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Front Microbiol. 2014 Jul 4;5:335. doi: 10.3389/fmicb.2014.00335. eCollection 2014.

Structural and functional changes in the gut microbiota associated to Clostridium difficile infection.

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1
Unidad Mixta de Investigación en Genómica y Salud de la Fundación para el Fomento de la Investigación Sanitaria y Biomédica de la Comunidad Valenciana (FISABIO) y el Instituto Cavanilles de Biodiversidad y Biología Evolutiva de la Universitat de València València, Spain ; CIBER en Epidemiología y Salud Pública Madrid, Spain.
2
Unidad Mixta de Investigación en Genómica y Salud de la Fundación para el Fomento de la Investigación Sanitaria y Biomédica de la Comunidad Valenciana (FISABIO) y el Instituto Cavanilles de Biodiversidad y Biología Evolutiva de la Universitat de València València, Spain.
3
Institute for Clinical Molecular Biology, Christian-Albrechts-University Kiel, Germany ; Department for Internal Medicine, University Hospital Schleswig-Holstein Kiel, Germany.

Abstract

Antibiotic therapy is a causative agent of severe disturbances in microbial communities. In healthy individuals, the gut microbiota prevents infection by harmful microorganisms through direct inhibition (releasing antimicrobial compounds), competition, or stimulation of the host's immune defenses. However, widespread antibiotic use has resulted in short- and long-term shifts in the gut microbiota structure, leading to a loss in colonization resistance in some cases. Consequently, some patients develop Clostridium difficile infection (CDI) after taking an antibiotic (AB) and, at present, this opportunistic pathogen is one of the main causes of antibiotic-associated diarrhea in hospitalized patients. Here, we analyze the composition and functional differences in the gut microbiota of C. difficile infected (CDI) vs. non-infected patients, both patient groups having been treated with AB therapy. To do so we used 16S rRNA gene and metagenomic 454-based pyrosequencing approaches. Samples were taken before, during and after AB treatment and were checked for the presence of the pathogen. We performed different analyses and comparisons between infected (CD+) vs. non-infected (CD-) samples, allowing proposing putative candidate taxa and functions that might protect against C. difficile colonization. Most of these potentially protective taxa belonged to the Firmicutes phylum, mainly to the order Clostridiales, while some candidate protective functions were related to aromatic amino acid biosynthesis and stress response mechanisms. We also found that CDI patients showed, in general, lower diversity and richness than non-infected, as well as an overrepresentation of members of the families Bacteroidaceae, Enterococcaceae, Lactobacillaceae and Clostridium clusters XI and XIVa. Regarding metabolic functions, we detected higher abundance of genes involved in the transport and binding of carbohydrates, ions, and others compounds as a response to an antibiotic environment.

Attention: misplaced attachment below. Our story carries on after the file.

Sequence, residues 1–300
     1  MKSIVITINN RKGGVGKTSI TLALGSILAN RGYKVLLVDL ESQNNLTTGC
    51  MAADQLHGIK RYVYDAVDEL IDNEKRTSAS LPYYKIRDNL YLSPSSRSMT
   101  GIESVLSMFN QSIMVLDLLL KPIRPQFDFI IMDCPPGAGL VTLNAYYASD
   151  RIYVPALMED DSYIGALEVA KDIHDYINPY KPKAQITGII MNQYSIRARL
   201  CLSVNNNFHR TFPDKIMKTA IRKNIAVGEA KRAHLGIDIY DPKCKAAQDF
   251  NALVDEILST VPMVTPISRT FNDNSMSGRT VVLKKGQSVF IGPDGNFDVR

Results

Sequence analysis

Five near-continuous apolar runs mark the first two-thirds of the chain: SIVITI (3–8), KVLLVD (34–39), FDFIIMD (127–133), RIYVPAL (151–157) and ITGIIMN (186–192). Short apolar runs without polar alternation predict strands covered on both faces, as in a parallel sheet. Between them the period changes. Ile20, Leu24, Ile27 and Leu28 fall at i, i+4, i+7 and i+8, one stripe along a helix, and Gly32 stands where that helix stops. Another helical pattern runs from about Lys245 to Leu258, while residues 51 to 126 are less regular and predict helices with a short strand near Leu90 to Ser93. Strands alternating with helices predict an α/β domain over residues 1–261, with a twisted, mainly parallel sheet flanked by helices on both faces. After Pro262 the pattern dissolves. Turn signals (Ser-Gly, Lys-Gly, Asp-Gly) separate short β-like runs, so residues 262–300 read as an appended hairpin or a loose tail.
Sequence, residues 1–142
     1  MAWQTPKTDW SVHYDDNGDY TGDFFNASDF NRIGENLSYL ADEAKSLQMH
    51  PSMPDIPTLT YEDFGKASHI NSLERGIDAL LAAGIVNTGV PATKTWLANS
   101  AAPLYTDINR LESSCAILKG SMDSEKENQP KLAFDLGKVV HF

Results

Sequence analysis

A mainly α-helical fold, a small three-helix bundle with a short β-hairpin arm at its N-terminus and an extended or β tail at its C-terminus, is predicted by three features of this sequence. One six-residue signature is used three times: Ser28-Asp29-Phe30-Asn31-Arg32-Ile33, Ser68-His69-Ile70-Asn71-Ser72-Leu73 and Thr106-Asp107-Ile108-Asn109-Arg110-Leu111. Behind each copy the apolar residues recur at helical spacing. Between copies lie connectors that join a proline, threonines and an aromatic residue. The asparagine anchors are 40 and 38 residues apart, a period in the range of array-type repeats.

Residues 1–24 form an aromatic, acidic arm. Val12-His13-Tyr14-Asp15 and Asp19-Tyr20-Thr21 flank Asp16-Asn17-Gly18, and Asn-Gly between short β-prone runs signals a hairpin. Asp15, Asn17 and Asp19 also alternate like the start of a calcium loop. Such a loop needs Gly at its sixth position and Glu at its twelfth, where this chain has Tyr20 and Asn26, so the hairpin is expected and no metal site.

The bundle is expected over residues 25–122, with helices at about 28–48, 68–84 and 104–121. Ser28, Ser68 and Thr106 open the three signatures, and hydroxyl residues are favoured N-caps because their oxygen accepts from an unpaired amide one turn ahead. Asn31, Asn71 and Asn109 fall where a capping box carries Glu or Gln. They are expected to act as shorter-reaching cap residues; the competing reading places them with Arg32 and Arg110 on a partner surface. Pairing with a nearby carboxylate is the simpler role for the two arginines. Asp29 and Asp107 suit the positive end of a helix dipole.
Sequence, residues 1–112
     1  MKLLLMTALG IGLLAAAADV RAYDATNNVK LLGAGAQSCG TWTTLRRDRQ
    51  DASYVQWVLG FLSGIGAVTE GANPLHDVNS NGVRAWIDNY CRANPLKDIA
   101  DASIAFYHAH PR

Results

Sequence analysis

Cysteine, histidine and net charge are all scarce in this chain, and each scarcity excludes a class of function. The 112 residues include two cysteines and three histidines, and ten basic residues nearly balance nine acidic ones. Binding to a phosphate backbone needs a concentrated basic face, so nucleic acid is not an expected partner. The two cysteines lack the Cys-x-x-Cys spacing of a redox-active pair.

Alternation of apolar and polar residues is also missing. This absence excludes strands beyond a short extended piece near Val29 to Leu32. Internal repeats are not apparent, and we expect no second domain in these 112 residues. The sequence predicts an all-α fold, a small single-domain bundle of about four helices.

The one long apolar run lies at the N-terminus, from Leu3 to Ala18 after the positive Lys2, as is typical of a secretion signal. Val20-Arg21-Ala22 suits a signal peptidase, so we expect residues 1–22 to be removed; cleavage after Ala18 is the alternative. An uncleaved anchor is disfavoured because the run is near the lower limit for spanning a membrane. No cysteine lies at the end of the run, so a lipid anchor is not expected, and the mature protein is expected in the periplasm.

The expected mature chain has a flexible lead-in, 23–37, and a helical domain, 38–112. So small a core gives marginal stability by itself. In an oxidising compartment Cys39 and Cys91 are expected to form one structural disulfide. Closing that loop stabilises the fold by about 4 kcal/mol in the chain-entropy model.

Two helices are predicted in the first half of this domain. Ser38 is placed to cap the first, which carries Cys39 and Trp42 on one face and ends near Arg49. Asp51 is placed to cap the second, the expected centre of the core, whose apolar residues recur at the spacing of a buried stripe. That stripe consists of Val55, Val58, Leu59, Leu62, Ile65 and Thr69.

KEYWORDS:

C. difficile infection; Gut microbiota; bacterial composition; colonization resistance; metabolic functions

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